Western countries that were involved in the slave trade should pay reparations to African countries for the crimes of slavery and colonialism, according to experts.
“Africa will never reconcile with the West on the issue of slavery until we receive an official apology from slave buying Western nations, and a fair compensation paid to Africa,” Mustafa Mheta, a senior research fellow and head of the Africa Desk at the Johannesburg-based Media Review Network think tank, said,
Experts made comments to a Turkish news agency during the anniversary of former US President Abraham Lincoln’s decision to issue the Emancipation Proclamation that ended slavery on Jan. 1, 1863.
“Nations that perpetrated slavery, are still reaping the benefit of slavery to this day,” said Mheta, referring to wealthy nations where slaves worked on plantations, factories and construction sites.
Millions were taken from the continent to work in the 17th to mid-19th centuries across four main routes: Indian Ocean ports, the Sahara, Red Sea, and the Atlantic Ocean.
Many died while in transport to Europe and the US but their nations have never been compensated.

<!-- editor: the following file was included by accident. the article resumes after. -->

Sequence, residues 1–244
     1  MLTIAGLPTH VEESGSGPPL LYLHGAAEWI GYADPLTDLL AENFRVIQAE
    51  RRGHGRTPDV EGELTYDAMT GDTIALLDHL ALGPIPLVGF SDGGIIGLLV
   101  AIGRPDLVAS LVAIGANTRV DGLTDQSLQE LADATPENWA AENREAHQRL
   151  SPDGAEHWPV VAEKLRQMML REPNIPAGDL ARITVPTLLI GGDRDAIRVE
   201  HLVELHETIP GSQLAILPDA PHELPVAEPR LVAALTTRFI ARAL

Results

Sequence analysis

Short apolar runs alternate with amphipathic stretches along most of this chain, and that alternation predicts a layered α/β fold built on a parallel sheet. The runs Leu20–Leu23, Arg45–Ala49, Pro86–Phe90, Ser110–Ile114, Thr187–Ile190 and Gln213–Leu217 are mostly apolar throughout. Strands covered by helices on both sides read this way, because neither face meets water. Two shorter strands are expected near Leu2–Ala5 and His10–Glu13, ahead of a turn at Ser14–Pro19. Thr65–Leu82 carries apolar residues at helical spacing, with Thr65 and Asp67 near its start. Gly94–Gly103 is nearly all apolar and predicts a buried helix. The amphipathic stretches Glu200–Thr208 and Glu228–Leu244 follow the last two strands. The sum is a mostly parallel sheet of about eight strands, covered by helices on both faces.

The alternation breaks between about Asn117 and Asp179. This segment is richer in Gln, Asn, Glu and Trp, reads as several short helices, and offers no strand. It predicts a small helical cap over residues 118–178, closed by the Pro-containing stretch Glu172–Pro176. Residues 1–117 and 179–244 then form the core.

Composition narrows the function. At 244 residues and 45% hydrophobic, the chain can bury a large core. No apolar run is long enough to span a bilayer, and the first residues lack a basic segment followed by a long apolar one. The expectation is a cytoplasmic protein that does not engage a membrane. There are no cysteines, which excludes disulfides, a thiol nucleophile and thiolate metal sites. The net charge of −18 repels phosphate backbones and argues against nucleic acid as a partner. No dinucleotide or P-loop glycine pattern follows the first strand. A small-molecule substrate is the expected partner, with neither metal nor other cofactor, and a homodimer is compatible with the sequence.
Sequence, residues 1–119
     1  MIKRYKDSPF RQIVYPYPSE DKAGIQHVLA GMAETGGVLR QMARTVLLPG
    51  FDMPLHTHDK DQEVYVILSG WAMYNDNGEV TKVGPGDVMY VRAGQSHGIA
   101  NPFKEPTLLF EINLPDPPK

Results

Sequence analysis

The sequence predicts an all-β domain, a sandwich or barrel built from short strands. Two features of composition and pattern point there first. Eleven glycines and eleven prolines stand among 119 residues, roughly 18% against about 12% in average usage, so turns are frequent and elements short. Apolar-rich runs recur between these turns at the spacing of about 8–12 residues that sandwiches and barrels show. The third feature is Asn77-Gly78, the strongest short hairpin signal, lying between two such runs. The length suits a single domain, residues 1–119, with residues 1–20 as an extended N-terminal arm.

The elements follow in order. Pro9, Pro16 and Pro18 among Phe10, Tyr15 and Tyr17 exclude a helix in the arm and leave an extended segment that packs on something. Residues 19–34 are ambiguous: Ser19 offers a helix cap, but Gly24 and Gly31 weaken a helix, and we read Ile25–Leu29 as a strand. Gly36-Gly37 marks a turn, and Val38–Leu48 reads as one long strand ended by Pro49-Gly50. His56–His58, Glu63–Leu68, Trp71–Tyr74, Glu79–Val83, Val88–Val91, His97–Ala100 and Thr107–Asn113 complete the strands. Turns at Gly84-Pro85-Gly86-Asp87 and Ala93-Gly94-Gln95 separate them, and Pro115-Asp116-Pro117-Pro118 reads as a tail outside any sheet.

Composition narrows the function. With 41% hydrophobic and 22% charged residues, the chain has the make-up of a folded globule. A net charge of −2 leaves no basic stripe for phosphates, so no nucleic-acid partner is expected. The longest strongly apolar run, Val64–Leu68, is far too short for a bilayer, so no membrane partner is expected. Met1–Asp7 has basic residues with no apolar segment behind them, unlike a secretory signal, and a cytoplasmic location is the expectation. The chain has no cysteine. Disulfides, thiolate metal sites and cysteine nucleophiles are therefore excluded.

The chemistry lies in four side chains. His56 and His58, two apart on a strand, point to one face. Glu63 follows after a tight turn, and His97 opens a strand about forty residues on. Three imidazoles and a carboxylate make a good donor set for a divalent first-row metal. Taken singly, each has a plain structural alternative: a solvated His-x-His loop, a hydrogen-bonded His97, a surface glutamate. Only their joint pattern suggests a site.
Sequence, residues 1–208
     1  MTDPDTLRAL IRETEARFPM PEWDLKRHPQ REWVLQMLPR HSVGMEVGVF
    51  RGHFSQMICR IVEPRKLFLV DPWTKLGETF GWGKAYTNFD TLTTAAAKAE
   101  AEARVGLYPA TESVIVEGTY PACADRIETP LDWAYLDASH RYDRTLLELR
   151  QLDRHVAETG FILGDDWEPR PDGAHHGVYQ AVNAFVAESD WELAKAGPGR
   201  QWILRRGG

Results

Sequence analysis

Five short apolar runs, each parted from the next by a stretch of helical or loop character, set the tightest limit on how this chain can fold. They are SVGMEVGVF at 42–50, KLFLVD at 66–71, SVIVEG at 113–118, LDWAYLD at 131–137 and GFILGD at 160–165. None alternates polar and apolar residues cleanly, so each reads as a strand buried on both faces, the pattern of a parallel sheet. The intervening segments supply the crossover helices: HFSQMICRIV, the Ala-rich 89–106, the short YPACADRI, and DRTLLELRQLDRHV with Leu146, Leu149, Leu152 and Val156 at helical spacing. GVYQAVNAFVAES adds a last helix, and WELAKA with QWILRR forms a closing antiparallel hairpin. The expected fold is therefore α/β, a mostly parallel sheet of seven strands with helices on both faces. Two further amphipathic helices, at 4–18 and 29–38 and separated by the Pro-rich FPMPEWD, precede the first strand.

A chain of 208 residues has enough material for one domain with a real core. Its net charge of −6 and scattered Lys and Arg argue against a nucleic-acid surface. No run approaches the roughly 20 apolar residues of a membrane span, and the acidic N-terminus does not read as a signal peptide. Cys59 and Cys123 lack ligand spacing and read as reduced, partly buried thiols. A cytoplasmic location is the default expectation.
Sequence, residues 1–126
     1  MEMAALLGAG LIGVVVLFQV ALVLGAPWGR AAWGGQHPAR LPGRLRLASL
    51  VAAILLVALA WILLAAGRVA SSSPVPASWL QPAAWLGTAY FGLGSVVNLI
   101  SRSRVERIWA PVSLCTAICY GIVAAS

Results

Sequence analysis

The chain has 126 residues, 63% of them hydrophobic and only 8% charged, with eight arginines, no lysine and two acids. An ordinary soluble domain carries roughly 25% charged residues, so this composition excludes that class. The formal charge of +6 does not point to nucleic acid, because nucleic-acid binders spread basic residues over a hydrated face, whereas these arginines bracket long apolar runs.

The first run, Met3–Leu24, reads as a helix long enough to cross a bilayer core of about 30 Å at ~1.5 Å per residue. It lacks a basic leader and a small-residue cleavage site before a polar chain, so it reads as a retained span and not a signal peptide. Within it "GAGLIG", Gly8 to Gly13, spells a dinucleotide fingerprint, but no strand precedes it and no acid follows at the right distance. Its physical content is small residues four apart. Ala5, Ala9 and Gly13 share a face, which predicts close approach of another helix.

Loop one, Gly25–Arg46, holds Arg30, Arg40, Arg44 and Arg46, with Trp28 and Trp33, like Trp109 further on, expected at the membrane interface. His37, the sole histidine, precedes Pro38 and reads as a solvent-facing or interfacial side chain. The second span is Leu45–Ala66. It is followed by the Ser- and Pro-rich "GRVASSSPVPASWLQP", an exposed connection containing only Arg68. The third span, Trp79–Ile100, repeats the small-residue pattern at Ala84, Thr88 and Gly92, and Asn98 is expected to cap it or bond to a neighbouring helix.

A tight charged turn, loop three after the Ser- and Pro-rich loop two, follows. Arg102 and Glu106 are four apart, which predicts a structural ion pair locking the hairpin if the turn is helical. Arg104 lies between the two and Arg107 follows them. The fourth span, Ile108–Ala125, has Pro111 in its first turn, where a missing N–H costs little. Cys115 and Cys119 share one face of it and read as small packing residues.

Slavery was so damaging to Africa
“To be honest, slavery was single-handedly the most damaging thing on Africans,” said Mheta. “There is nothing positive that came with it except the psychological damage that it did on the African mind.”
“The African was humiliated to the core. Slavery convinced the African that he was not worthy of anything and that he was not human enough like other races,” he said. “Up to this day, the African is still suffering from that. He has not recovered from it.”
Saber Ahmed Jazbhay, a leading South African lawyer and political commentator, praised Lincoln’s “radical” decision to end slavery.
“He abolished slavery and the liberated Africans were given the option of returning to Africa, particularly Liberia, meaning freedom was established in West Africa,” he told Anadolu Agency.
Jazbhay, agrees that former slave buying countries should compensate Africa for the decades of suffering and dehumanization inflicted on African people.
“You can’t have reconciliation without economic justice,” he said.
Jazbhay said Africans lost human resources, wealth and many people were killed, while citing German atrocities in Namibia during the start of the 20th century and crimes committed by Belgium in the Congo, among others.
Last year, Germany officially acknowledged it committed “genocide” against the Herero and Nama people at the start of the 20th century in what is today’s Namibia.